Published online 15 November 2007 | Nature | doi:10.1038/news.2007.250


When only mum or dad matters

Hundreds of our genes turn on just one copy, rather than both.

The random switching off of gene copies could create extra genetic variation between identical twins.Getty

The textbook rule that says activated human genes almost always express both of their copies — the one inherited from mum and that inherited from dad — seems not to be true. Instead, a good chunk of our genome could prefer the 'single life', according to new research.

Whether the maternal or paternal copy gets switched on in such cases seems to be random. But the result could have a big impact on disease susceptibility and other biological traits.

It had been thought that there are only a handful of situations in which just one of a pair of gene copies is used. But a new screen of 4,000 human genes has uncovered 371 that sometimes play favourites, suggesting that this phenomenon is far more pervasive than had been thought.

“What we’ve shown violates general rules about what we think about genes: if a gene is turned on you express both the maternal and paternal copy,” says Andrew Chess, a biologist at Harvard University in Cambridge, Massachusetts, who led the study along with colleague Alexander Gimelbrant.

This kind of selective gene expression could create an extra source of variation between people, even when some of their genes are identical.

“I like the idea that we're all mosaics, and this might contribute to differences,” says Steve Henikoff, a biologist at the Fred Hutchinson Cancer Research Center in Seattle, Washington.

Coalition of the expressed

Researchers have long known that some cells express just one version of certain genes, but this is for a specific purpose. Females have two X chromosomes but always shut down one copy, for example, to prevent making a double dose of some gene products. Immune cells designed to recognize the fingerprint of a specific disease turn off one set of immunoglobulin genes to optimize their specialist behaviour. And during development, embryos chemically flag one parent’s version of a set of known genes for silencing. This handful of instances accounts for hundreds of genes known to turn off a copy in a controlled way.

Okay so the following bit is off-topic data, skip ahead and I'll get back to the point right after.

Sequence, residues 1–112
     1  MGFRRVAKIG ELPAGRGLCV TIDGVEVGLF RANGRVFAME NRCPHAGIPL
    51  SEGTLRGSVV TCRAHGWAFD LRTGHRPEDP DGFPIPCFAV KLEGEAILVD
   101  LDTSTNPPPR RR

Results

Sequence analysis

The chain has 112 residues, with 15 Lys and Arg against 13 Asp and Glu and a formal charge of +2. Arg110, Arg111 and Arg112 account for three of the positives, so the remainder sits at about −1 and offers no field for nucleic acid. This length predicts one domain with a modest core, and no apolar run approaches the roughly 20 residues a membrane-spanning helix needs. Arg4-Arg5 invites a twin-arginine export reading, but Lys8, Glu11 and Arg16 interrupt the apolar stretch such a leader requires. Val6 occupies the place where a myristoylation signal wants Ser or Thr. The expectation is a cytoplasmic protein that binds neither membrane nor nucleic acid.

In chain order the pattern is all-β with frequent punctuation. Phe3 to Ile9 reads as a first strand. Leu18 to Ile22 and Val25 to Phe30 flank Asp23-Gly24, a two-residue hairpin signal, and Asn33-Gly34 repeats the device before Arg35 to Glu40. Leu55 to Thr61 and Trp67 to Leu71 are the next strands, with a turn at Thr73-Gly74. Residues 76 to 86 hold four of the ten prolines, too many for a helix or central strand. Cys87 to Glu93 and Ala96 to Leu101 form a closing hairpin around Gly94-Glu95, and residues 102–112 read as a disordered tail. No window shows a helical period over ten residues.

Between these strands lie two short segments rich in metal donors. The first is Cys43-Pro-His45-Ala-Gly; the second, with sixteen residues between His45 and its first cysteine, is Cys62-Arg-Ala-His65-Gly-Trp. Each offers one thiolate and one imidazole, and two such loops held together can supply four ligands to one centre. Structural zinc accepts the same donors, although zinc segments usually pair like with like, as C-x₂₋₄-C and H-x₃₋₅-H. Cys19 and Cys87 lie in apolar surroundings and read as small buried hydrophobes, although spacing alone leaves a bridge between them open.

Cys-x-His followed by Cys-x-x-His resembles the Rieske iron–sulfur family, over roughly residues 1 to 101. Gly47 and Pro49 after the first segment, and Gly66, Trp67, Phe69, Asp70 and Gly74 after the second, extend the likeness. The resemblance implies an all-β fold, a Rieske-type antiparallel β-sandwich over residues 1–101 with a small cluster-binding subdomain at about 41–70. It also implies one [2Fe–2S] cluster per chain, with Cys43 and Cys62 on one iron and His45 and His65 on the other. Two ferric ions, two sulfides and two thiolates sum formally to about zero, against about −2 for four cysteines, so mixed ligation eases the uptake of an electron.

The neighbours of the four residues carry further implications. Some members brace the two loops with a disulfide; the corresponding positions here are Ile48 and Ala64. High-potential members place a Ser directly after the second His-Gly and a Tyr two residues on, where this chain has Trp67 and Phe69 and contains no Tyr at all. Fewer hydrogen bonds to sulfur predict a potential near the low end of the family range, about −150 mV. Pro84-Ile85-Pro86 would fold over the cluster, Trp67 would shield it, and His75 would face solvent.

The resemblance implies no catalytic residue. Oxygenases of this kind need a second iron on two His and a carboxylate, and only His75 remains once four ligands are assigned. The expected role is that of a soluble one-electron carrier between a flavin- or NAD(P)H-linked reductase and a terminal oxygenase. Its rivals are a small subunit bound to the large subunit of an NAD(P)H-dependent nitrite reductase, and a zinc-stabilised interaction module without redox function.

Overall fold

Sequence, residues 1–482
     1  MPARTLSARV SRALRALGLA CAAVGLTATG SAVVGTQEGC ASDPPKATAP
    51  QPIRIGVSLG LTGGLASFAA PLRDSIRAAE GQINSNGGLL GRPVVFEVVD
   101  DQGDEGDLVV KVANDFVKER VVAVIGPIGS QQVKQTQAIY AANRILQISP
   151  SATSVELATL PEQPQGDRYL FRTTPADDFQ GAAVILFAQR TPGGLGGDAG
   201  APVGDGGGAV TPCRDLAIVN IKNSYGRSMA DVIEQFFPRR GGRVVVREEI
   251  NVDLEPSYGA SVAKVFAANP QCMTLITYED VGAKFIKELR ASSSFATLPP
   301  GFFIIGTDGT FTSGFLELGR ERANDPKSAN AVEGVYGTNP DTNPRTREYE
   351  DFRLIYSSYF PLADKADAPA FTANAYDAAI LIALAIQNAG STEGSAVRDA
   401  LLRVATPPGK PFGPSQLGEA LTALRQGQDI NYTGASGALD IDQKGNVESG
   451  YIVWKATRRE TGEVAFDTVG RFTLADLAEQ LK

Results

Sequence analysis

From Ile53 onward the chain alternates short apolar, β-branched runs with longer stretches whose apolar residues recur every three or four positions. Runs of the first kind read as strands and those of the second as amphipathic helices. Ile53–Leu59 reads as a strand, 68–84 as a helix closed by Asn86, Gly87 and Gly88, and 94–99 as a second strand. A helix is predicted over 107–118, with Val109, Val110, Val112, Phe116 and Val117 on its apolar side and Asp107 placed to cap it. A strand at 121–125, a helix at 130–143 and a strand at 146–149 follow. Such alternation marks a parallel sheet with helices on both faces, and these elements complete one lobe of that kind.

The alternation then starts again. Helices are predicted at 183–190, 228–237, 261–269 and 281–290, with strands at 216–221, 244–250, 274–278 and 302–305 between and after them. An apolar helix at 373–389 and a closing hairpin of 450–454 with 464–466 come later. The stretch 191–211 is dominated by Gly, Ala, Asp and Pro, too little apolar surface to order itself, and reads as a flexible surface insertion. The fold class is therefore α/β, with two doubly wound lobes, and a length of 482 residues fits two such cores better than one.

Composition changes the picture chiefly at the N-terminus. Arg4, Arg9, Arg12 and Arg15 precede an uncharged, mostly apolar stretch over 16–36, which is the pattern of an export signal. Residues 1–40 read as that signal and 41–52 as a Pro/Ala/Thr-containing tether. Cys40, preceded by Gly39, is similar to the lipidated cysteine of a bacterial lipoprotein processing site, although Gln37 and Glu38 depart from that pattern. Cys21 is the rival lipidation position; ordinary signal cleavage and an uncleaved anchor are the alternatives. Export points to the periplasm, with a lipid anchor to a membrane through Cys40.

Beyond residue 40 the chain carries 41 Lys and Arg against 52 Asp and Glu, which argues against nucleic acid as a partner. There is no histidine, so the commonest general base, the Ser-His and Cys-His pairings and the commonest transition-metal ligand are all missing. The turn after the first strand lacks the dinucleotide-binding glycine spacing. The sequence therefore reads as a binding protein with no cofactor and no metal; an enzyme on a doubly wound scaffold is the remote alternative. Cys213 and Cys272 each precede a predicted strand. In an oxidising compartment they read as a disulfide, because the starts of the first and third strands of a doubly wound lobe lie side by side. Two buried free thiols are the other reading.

To hunt for more genes that behave similarly, Chess and Gimelbrant planted single human immune cells in dishes, and let the cells multiply. They analysed the millions of cell copies using a gene chip to distinguish between the maternal and paternal version of messenger RNA (mRNA) produced by 3,939 genes. They found that about 9% of the genes sometimes turned on just one copy. They publish their findings today in Science1.

Even though the cells were all genetically identical, some turned on maternal versions, some paternal, and others activated both. "Even identical twins would make different choices," says Gimelbrant.

The team noticed a similar pattern in a much smaller subset of genes that they examined from specimens of donated human placenta and white blood cells. “This is not something weird that happens only in cell culture,” says Chess. Nor does it happen only in immune cells, although the researchers' further work on other cell types has not yet been published.

Sloppy genome

These differences could potentially help an organism to regulate gene expression and affect disease risk. Higher expression of a gene called APP is linked to early onset of Alzheimer’s disease, for example. And Chess’s team found that cells in which just one copy of APP was turned on made about half as much mRNA as the cells with both copies turned on. At this point, the connection to Alzheimer’s remains speculative, he says.

The random gene inactivation that Chess's team has found could be a spillover from more controlled forms of silencing, such as shutting down an X chromosome, says Huntington Willard, a geneticist at Duke University in Durham, North Carolina. "I tend not to think of it as some grand evolutionary plan, but simply as the sloppiness of gene regulation."


Chess doesn’t know just when cells switch off a gene copy, but he suspects it happens during development. Unanswered, too, is how the cells turn off one copy while keeping the second copy active. Chess’s lab is now digging into this question.

The team next plans to survey the rest of humanity's 20,000 genes for signs of similar deactivation. If his team’s sample is representative of the whole genome, more than 1,000 genes should sometimes go it alone. 

  • References

    1. Gimelbrant, A. et al. Science 318, 1136-1149 (2007) | Article |
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